What is an AS Level? Everything You Need To Know About The AS Levels

What is an AS Levels
What is an AS Levels

While considering your GCSE options, you will likely come across the term “AS Level” and wonder what it means. AS Levels can be a valuable edge in the pursuit of your higher education, but you have to be sure it’s the best option for you.

AS Level is largely fit for students who can pull through while under pressure. It has structures that make it differ from A-Level qualification.

This article answers the question, “What is an AS Level? It also proffers insight into how it works, the subjects they offer, the workload involved, the advantages and disadvantages of AS Level, and how to prepare for it.

What Does AS Level Mean?

After passing their GCSE exams, students in England, Wales, and Northern Ireland can pursue an advanced degree known as an AS Level.

They were initially introduced in 1989 to increase the variety of disciplines that students might pursue after the age of sixteen.

Advanced Supplementary exams were typically studied over a two-year period, frequently in conjunction with A Levels; however, because of the difficulties of the course, they only counted for half as many UCAS points as a full A Level.

The Advanced Subsidiary exams, which were only studied for a year but still only counted for half as many UCAS points as an A Level, replaced the AS Levels in 2000. Additionally, students had two choices:

After completing the single AS qualification, they could drop their AS subject.


They had the option to “bank” their AS results, continue their education, take the A2 exam at the end of their second year, and then add their combined AS and A2 scores to get their final A Level mark.

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The approach we use today for AS Levels was introduced in 2015, nevertheless. And now, how your AS Level scores translate into your A Level grades is significantly influenced by where you live.

Can AS Levels be Applied to My A Levels?

You still have the option to drop your AS subject at the end of Year 12 if you’re taking AS Levels or to continue your studies in Year 13 if you’re studying AS Levels.

The percentage of your A Level grade that comes from your AS grades will now only be 40% if you are a student in Wales or Northern Ireland.

Also, if you are a student in England, your AS results will no longer have any bearing on your final A Level mark.

Instead, only the tests you take at the end of Year 13 will determine how well you do on your A Level exams.

How are AS Levels Scored?

As with your A Levels, the grades for AS exams range from “A” to “E.” However, there is no ‘A*’ categorization like there is with A Levels.

Additionally, AS grades can be translated into UCAS points:

20 points for A.

16 points for B

A = 12 points; C

10 points for D

E = 6 points.

How Prevalent are AS Levels?

The popularity of AS Levels in England has decreased, which is maybe not surprising considering how they are presently organized for English pupils.

281,600 17-year-olds completed one or more AS Levels in 2015, according to Ofqual, the Office of Qualifications and Examinations Regulation, which controls qualifications, exams, and assessments in England.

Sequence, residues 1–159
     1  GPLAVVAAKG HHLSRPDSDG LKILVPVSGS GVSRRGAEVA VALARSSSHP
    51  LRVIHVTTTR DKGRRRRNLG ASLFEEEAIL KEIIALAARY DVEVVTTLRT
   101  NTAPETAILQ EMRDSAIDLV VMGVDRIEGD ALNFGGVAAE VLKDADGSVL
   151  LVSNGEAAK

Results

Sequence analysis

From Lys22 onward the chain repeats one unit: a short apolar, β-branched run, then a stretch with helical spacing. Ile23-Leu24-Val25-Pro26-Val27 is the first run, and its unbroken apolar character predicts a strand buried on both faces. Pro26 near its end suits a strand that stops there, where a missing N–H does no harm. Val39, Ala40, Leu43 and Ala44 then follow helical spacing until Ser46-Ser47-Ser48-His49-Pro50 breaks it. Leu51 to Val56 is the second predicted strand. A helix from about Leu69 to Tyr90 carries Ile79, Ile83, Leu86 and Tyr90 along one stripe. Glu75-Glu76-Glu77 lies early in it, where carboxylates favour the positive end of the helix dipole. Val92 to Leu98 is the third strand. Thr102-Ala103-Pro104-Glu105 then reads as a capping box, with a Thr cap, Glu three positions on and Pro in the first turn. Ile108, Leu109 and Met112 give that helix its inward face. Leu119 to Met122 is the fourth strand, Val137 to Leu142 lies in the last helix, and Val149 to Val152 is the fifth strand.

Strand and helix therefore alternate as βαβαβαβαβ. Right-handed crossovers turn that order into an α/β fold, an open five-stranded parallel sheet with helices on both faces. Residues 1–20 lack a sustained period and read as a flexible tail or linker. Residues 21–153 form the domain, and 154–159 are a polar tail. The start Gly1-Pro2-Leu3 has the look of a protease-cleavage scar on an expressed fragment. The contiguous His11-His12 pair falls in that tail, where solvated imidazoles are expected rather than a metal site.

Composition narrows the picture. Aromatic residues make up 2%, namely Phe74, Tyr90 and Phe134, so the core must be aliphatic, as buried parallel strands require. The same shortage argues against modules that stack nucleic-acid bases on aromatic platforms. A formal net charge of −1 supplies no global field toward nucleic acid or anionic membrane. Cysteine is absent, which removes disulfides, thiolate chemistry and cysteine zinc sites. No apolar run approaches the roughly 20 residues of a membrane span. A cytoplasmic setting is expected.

This number fell to 64,810 in just three years.

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What Makes AS Levels Worthwhile?

They might seem like a futile exercise in England because AS scores cannot be banked to count toward A Level marks.

You should also think about the effects of taking on a new subject at a higher level of study when you could be concentrating on your A Levels.

However, if your A Level studies and your AS Levels are comparable or connected, you can still benefit from and even assist one another. This could result in improved scores at the A Level for English students.

And if you’re unsure about which topic to pursue further at A Level and which will ultimately result in a higher final score, studying each for a full year may help you make up your mind.

Will Not Taking AS Levels Put Me at a Disadvantage?

You won’t be at a disadvantage if you don’t have AS Levels while applying to universities.

Scottish Highers and A Level grades serve as the foundation for universities’ entry requirements for students from the UK, and most institutions prefer specific A Level grades over UCAS points.

When evaluating applications, universities are increasingly taking into account factors other than grades and academic success.

These factors include your preferences, your statement, and, for some degrees, portfolios of work, interviews, and evaluations.

They want to know how committed you are to pursuing a certain degree, whether you have any relevant experience, and your long-term goals.

Making contextual offers is part of Newcastle University’s commitment to increasing access to higher education.

Do AS Levels Fit My Needs?

Consider your abilities, your best topics, and the areas that interest you the most as you choose your A Levels.

Consider the requirements of each of your A Level courses, and ask your lecturers for their opinion on whether taking AS Levels will be advantageous to you and, eventually, aid in your progression to university.

We sincerely hope you’ve found this blog to be helpful. Keep coming back to find more tools to support you on your path to a university education.

Additionally, you can view our undergraduate course websites to learn more about the degrees you might pursue with us.

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What Exactly Are A-Levels?

The Advanced Levels (often referred to as A Levels) are specialized academic credentials that are typically the last academic courses taken before a student enrolls in university.

The last two years before starting university can be used to study three or more A-levels. An array of exams are used to evaluate A-Levels.

Despite having their roots in the UK, A-Levels are the credential that is recognized the most globally.

What Are Courses One Can Take?

You can study a variety of subjects while working toward an A-Level. The most well-liked programs include:

  • Mathematics
  • Additional Mathematics
  • Literature in English
  • language of English
  • Biology
  • Chemistry
  • Physics
  • History
  • Economics
  • Business
  • Psychology
  • Law.

The official website of the CIE can provide a comprehensive list of A-Level courses.